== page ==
The Supreme Court decision overturning the District’s handgun ban won’t trigger an open season for guns, Metropolitan Police Chief Cathy L. Lanier said Friday, because D.C. law still bans all semiautomatic weapons — such as the common 9 mm pistols used by police and the military.
But the D.C. ordinance — which, like the overall handgun ban, is among the strictest in the country - could be next in gun rights advocates’ cross hairs.
“I can’t say right now what we’ll do legally, but there’s definitely a problem with this law,” said Wayne LaPierre, executive vice president of the National Rifle Association (NRA), during an exclusive online live chat with The Washington Times Friday morning.
Chief Lanier, responding to online questions in her own live chat noted that, “Automatic and semiautomatic handguns generally remain illegal … and the Supreme Court’s ruling is limited to handguns in the home only and does not allow them to be carried outside the home.”
Meanwhile, the NRA filed lawsuits Friday in San Francisco and Chicago against their gun bans.
The D.C. semiautomatic weapon ban applies to any firearm capable of carrying 12 rounds or more. In effect, that restricts purchasers of modern handguns to revolvers — such as the .38 Special or its powerful successor, the .357 Magnum — which typically carry five or six rounds at a time and cannot be modified to hold more.
Most other handguns are outlawed, even though most are designed for magazines that carry 10 rounds or less, because they could carry more rounds with modified magazines. Weapons capable of holding such magazines are illegal “machine guns” under D.C. law.
“It doesn’t matter if the gun owner actually has a magazine that size — all it takes is for one to exist somewhere,” Mr. LaPierre said, outlining his organization’s continued opposition to aspects of D.C. law.
The NRA supports a bill proposed in March 2007 by Sen. Kay Bailey Hutchinson, Texas Republican, that would redefine a machine gun as a weapon that is designed or could be modified to shoot multiple rounds with one squeeze of the trigger, Mr. LaPierre said. Forty-five senators co-sponsored the measure, although its chances of passage are considered slim.
D.C. Delegate Eleanor Holmes Norton, a Democrat, said she thinks the court’s ruling leaves room for effective restrictions on the sale and registration of handguns in the District. She said she would fight any federal legislation to ease gun controls.
The Supreme Court’s 5-4 decision to strike down the District’s 32-year-old handgun ban - ruling for the first time that the Second Amendment’s right to gun ownership guarantees an individual right to own a gun - has already prompted significant challenges to other big city gun-control laws.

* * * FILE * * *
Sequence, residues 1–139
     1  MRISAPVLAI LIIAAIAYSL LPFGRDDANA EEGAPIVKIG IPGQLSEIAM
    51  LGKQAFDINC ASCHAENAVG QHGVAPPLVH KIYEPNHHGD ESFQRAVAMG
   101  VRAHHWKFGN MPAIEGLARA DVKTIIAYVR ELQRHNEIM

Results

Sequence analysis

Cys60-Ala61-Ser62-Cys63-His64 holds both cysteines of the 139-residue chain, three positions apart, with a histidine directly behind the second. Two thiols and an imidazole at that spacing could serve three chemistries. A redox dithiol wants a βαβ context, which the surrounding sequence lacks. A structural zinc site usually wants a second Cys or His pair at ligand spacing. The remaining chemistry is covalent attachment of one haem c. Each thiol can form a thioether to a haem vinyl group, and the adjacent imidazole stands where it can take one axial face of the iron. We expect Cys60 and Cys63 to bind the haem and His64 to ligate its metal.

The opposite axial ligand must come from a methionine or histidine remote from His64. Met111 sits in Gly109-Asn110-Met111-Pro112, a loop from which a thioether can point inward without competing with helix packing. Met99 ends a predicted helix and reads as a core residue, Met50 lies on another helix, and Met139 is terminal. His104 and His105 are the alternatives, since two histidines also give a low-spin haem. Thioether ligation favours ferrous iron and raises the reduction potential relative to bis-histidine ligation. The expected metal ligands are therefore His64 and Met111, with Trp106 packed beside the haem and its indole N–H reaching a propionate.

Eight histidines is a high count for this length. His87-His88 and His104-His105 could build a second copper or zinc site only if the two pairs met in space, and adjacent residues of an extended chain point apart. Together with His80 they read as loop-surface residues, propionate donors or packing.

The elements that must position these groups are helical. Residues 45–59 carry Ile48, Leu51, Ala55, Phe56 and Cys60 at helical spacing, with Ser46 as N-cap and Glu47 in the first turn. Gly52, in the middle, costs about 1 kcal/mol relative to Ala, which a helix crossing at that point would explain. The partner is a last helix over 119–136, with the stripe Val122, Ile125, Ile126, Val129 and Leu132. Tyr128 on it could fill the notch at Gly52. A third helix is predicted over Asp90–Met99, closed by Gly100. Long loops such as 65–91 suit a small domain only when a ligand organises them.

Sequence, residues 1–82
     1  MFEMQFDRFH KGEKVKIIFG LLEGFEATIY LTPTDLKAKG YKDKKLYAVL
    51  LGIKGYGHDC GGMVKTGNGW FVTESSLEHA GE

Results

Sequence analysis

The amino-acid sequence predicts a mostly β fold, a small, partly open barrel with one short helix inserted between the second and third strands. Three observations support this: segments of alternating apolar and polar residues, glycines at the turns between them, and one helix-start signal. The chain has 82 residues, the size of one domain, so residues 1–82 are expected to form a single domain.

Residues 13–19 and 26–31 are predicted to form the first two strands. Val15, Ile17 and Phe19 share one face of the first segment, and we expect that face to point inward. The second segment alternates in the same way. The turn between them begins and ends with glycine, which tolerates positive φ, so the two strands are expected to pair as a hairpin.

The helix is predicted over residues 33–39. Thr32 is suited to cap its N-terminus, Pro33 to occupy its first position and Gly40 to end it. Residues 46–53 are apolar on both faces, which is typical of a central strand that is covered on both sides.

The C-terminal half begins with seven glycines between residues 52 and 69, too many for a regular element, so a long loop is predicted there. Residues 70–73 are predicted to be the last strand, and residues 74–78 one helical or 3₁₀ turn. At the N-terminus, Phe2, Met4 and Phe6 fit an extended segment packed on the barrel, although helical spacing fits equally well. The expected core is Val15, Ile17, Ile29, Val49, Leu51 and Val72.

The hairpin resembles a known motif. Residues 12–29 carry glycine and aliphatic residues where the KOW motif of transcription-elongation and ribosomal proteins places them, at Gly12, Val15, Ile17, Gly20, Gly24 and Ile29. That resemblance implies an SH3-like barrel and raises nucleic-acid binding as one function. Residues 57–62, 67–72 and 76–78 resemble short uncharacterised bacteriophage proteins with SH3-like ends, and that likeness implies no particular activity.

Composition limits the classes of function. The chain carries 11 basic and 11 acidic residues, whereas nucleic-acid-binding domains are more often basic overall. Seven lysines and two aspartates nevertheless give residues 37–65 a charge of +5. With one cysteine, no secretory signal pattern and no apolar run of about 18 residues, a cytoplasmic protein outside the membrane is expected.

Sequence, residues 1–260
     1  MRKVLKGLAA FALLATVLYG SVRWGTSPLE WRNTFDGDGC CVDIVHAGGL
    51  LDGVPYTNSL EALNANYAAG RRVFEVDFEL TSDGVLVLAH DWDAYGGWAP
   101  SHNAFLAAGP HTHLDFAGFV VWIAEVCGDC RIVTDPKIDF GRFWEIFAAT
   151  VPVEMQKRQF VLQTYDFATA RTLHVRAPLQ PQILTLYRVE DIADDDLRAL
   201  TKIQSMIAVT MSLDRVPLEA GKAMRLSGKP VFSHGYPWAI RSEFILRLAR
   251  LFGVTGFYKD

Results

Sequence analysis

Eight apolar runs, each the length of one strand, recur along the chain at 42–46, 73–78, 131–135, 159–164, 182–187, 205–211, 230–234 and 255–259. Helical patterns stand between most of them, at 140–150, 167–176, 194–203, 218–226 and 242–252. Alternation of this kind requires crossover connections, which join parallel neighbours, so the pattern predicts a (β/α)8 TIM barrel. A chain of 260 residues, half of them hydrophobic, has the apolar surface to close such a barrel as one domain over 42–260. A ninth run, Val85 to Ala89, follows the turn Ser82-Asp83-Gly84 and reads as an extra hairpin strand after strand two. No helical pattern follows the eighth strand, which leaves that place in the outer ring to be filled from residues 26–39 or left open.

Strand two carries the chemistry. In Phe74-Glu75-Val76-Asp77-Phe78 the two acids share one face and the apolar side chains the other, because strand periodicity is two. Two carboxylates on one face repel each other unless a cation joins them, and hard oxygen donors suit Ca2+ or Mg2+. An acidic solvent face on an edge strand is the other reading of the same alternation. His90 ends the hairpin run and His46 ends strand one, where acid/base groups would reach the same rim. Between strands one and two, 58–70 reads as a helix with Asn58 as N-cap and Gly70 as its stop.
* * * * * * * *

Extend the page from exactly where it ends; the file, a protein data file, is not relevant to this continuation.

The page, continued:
In addition to the NRA suit, the Washington-state based Second Amendment Foundation and the Illinois State Rifle Association on Thursday filed a federal suit against Chicago’s gun ban, which was adopted in 1982 and is similar to the District’s.
Chicago officials have said such a challenge would first have to overcome prior court rulings that state the Second Amendment does not apply to state and local governments.
But the Second Amendment Foundation suit asserts that the “right to keep and bear arms is a privilege and immunity” that, because of the 14th amendment, may not be violated by “states and their political subdivisions.” The 14th amendment states that the Bill of Rights supersedes state law.
The lawsuit targets gun registration requirements in the city. Alan Gura, of Alexandria, who argued against the D.C. gun ban before the Supreme Court, is a lead attorney in the case.
San Francisco law bans possession of firearms by public-housing residents.
“The Second Amendment protects the rights of all Americans, not just the rich,” the NRA’s Mr. LaPierre said.
The effectiveness of the gun laws in the District, where warring gangs and crack cocaine helped the city earn its “murder capital” nickname in the early 1990s, has been disputed for years.
The statutes, enacted in 1976 with a 12-1 vote by the D.C. Council, prohibited city residents - with few exceptions - from registering handguns and keeping them in the city. They also required legal firearms such as shotguns and rifles to be stored disassembled or bound with trigger locks.
City officials including Mayor Adrian M. Fenty, a Democrat, have long held that repealing the gun ban would open the door to more gun-related crimes.
FBI statistics show that the District’s homicide rate was 32.8 per 100,000 residents in 1975, the last full year before the gun ban was passed by the council. The rate dropped immediately after the ban was imposed then skyrocketed in the late 1980s and early 1990s, but has leveled off in recent years.
The homicide rate peaked in 1991, when the city of just less than 600,000 reported 482 homicides - a rate of 80.6 per 100,000 residents.
In 2006, the last full year for which official statistics were available, the rate of homicides and non-negligent manslaughters in the city was 29.1.
Chief Lanier acknowledged in her “Live Chat” that “it is very difficult to measure what has been prevented” by the gun ban, but noted that crime in the District has gone down for more than a decade.
At the same time, gun recoveries in the city have risen every year between 2002, when the count was 1,931, and last year when it was 2,924, according to police. Police also have said the majority of gun crimes in the District are committed with handguns.
Chief Lanier said she remains concerned that, without the ban, guns will wind up in the wrong hands — namely those of children and young adults.
“It is hard to predict the impact on street crime, but a good bet that accidental shootings will go up” in the ban’s absence, Chief Lanier said.
Mr. LaPierre said that the ban was ineffective and predicted that crime will fall in its absence.
“The end of the ban should reduce crime by letting honest people defend themselves,” Mr. LaPierre said.